Do they have a chance against the Magic? Sure, but the Hawks are going to have to play an entire series the way they did in their four wins against the Bucks. Against the Bucks, if the Hawks played well, they’d win. That’s not necessarily the case against the Magic.

As for the Bucks, this was a disappointing end to a great season, but like Scott Skiles said in his “wired” segment before the game, when the team was sitting at 18-25 during the season, had anyone asked if they’d take an opportunity to play in a Game 7, they would have jumped on it. The fact that they pushed a far more talented Hawks team to seven games without Bogut is a moral victory.

Looking ahead to this summer, veterans Luke Ridnour, Kurt Thomas and Jerry Stackhouse are free agents. Ridnour played well enough this season to potentially earn a starting gig next season, though he’d likely struggle against the other starting-caliber point guards in the league. Thomas and Stackhouse may come back to give the Bucks a steady veteran presence off the bench, though GM John Hammond would be wise to keep the purse strings as tight as possible.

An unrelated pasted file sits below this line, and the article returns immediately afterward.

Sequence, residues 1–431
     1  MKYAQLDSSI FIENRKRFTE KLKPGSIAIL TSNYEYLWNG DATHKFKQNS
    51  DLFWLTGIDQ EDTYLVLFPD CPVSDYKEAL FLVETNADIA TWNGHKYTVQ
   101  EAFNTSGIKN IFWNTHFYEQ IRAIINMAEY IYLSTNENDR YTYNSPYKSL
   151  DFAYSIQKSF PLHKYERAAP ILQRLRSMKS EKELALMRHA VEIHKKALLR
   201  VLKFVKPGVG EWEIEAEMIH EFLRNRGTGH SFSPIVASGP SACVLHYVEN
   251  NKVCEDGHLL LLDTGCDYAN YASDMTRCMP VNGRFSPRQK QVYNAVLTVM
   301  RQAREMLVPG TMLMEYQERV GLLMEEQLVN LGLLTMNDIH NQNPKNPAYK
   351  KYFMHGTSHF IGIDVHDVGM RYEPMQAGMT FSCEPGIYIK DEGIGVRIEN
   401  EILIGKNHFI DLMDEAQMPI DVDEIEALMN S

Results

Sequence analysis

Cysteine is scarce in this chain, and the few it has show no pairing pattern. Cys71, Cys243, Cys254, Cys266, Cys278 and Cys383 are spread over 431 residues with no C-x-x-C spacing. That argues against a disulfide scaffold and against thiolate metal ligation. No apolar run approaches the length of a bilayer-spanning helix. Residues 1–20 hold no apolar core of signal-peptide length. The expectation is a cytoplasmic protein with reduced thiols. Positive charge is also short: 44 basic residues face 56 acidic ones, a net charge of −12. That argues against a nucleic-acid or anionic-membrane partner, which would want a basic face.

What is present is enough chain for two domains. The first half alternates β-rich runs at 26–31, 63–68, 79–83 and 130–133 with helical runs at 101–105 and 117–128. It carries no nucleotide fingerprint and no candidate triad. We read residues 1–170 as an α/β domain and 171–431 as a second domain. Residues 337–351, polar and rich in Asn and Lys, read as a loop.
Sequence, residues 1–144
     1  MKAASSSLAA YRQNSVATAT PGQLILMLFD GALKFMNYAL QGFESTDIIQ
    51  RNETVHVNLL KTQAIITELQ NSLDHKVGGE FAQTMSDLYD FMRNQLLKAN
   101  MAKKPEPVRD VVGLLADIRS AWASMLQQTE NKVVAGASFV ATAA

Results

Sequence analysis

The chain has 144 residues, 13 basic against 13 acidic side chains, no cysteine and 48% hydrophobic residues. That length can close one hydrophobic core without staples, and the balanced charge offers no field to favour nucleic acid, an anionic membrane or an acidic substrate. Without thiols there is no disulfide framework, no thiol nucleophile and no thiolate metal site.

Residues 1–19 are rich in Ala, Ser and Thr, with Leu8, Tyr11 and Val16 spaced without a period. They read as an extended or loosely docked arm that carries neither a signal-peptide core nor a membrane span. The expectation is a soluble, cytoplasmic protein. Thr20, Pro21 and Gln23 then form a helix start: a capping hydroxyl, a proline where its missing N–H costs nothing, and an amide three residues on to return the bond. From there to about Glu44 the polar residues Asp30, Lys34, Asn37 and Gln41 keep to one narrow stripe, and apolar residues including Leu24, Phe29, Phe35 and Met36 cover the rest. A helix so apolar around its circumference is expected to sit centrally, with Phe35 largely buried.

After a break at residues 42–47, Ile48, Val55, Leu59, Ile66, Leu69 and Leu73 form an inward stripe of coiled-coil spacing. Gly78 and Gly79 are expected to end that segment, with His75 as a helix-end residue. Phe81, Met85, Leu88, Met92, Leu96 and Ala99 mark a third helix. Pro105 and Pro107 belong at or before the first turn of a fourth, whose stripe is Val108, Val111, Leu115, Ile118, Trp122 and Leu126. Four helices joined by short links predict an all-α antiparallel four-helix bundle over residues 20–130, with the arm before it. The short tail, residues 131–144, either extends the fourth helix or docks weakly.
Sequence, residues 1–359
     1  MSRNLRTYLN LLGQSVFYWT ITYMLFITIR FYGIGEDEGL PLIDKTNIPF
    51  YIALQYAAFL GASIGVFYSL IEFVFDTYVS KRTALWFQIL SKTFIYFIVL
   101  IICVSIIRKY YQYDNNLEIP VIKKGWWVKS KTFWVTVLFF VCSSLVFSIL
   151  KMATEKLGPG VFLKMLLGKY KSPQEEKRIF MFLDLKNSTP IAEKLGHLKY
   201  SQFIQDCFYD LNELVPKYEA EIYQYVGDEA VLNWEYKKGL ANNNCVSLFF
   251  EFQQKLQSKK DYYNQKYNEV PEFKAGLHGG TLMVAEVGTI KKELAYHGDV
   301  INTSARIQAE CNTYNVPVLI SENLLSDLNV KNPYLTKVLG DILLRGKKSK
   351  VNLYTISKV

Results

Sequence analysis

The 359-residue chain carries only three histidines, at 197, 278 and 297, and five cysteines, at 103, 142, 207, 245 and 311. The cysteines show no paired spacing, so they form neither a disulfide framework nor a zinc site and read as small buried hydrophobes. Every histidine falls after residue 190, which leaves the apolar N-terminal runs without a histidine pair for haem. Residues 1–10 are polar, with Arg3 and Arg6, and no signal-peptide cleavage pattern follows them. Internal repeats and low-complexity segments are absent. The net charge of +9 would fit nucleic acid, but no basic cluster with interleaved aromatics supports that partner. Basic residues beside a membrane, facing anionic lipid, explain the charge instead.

The big free agent decision may be John Salmons, who could opt out of the final year of the contract ($5.8 million). Despite posting 18-4-4 in the series against the Hawks, Salmons may have played himself out a few million dollars with a woeful shooting performance (8-of-31, 26%) in Game 6 and Game 7, when the Bucks needed him most. Salmons turns 31 in December, so the Bucks should proceed with caution. I can see a three-year deal worth $21-$24 million, but Milwaukee shouldn’t break the bank trying to re-sign him.

From Salmons’ point of view, he should give the Bucks a hometown discount, because he wouldn’t even be in the position to sign a lucrative new deal this summer if Hammond hadn’t traded for him at the deadline and Skiles hadn’t given him the freedom to be the Bucks’ main scorer on the wing.